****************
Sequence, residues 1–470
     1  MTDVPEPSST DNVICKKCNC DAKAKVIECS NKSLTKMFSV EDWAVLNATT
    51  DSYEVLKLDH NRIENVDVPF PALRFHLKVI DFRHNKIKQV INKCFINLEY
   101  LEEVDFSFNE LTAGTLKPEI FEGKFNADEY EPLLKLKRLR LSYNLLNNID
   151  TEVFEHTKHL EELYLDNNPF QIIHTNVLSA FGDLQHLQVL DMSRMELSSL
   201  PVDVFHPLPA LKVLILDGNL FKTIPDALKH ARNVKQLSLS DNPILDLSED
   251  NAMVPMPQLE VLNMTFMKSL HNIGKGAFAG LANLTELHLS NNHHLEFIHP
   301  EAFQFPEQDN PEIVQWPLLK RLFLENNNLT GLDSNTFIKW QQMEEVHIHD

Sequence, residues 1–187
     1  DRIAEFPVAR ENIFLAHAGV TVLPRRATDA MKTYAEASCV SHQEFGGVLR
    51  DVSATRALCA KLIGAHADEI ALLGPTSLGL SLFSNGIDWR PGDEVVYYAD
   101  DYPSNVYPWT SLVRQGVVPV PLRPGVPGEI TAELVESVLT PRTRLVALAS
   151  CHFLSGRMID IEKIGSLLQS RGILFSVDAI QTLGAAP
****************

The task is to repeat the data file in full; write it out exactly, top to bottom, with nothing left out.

Sequence, residues 1–470
     1  MTDVPEPSST DNVICKKCNC DAKAKVIECS NKSLTKMFSV EDWAVLNATT
    51  DSYEVLKLDH NRIENVDVPF PALRFHLKVI DFRHNKIKQV INKCFINLEY
   101  LEEVDFSFNE LTAGTLKPEI FEGKFNADEY EPLLKLKRLR LSYNLLNNID
   151  TEVFEHTKHL EELYLDNNPF QIIHTNVLSA FGDLQHLQVL DMSRMELSSL
   201  PVDVFHPLPA LKVLILDGNL FKTIPDALKH ARNVKQLSLS DNPILDLSED
   251  NAMVPMPQLE VLNMTFMKSL HNIGKGAFAG LANLTELHLS NNHHLEFIHP
   301  EAFQFPEQDN PEIVQWPLLK RLFLENNNLT GLDSNTFIKW QQMEEVHIHD

Sequence, residues 1–187
     1  DRIAEFPVAR ENIFLAHAGV TVLPRRATDA MKTYAEASCV SHQEFGGVLR
    51  DVSATRALCA KLIGAHADEI ALLGPTSLGL SLFSNGIDWR PGDEVVYYAD
   101  DYPSNVYPWT SLVRQGVVPV PLRPGVPGEI TAELVESVLT PRTRLVALAS
   151  CHFLSGRMID IEKIGSLLQS RGILFSVDAI QTLGAAP